A Prairieville man accused of being under the influence of drugs during a crash that killed a Dutchtown High freshman in 2014 will serve one year in prison and two years in home detention in a plea agreement earlier this week.

Dwight P. Perrilloux III, 20, pleaded guilty to a single count of vehicular homicide and two counts of vehicular negligent injuring but avoided major prison time in a deal with prosecutors, court minutes say.

Perrilloux will also pay $28,358 in restitution to the victim’s parents and be under four years of supervised probation after his home incarceration ends. Judge Thomas Kliebert Jr. of the 23rd Judicial District sentenced Perrilloux on Monday at the Ascension Parish Courthouse Annex in Gonzales.

Claire Carline, 15, of Prairieville, was killed on her way to school as she rode in a car with her two older sisters in the early morning of Dec. 9, 2014.

She was riding in the back seat of a car driven by one of her sisters when, State Police said, Perrilloux crashed into them head-on.

Troopers said Perrilloux, then 19 and listed as living in Reserve, swerved into the Carlines’ westbound lane on La. 74 after he drove over the Interstate 10 overpass just east of Dutchtown. Perrilloux was trying to avoid a line of traffic backed up at the bottom of the overpass. Carline, who went by the nickname “Claire Bear,” had only the lap portion of the her seat belt on, troopers said.

Her sisters suffered fractured backs and other injuries but survived the crash.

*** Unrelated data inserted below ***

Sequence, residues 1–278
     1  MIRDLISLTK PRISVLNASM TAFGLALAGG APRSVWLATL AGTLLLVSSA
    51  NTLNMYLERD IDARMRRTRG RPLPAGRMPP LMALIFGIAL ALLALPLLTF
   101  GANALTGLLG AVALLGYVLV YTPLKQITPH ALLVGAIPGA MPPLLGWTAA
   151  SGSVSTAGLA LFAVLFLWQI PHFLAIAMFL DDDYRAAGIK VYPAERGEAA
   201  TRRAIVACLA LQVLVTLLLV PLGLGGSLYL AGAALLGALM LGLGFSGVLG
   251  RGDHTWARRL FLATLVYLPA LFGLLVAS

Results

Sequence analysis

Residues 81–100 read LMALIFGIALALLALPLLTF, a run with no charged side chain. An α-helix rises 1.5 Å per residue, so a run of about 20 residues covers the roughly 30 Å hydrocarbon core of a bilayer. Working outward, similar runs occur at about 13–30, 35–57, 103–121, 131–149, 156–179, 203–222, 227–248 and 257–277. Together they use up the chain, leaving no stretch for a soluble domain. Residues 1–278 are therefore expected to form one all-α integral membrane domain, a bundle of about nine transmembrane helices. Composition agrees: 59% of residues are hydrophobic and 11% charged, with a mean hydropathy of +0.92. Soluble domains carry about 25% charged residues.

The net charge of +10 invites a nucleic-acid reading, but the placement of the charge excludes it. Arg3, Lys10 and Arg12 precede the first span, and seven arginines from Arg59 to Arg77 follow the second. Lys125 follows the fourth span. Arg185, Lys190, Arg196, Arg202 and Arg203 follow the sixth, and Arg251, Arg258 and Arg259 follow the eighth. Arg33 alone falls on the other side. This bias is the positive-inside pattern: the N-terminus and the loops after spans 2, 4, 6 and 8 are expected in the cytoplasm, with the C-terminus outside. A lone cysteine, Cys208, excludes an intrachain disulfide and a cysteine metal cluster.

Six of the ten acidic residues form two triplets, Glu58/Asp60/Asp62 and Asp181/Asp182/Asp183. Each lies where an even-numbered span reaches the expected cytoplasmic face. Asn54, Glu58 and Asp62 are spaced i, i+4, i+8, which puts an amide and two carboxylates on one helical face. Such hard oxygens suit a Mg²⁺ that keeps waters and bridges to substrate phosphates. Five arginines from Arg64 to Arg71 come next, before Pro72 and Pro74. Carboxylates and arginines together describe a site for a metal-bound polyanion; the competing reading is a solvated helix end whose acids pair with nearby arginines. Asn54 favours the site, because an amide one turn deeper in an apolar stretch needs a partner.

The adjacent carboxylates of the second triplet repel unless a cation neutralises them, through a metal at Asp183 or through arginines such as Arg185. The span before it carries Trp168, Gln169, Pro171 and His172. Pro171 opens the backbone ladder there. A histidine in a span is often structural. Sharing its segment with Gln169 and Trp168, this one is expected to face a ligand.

In addition to vehicular homicide and negligent injuring, Perrilloux, 37214 St. Marie Ave., Prairieville, also faced single counts of driving while intoxicated and reckless operation from the crash.

As part of the plea bargain, prosecutors dropped those counts and unrelated counts of domestic abuse battery, simple battery and entering an inhabited dwelling from February 2015. Prosecutors did not respond to requests for comment Wednesday.

Nghana Gauff, Perrilloux’s defense attorney, declined to comment on the agreement, in which Perrilloux admitted to driving under the influence of an unspecified drug.

But Gauff offered hers and Perrilloux’s prayers for Carline’s family and said she hoped her client will take advantage of this opportunity for his life after he completes the sentence.

To pay off the restitution, Perrilloux must pay the Carlines monthly payments for six years, starting when his home incarceration ends.

Follow David J. Mitchell on Twitter @NewsieDave.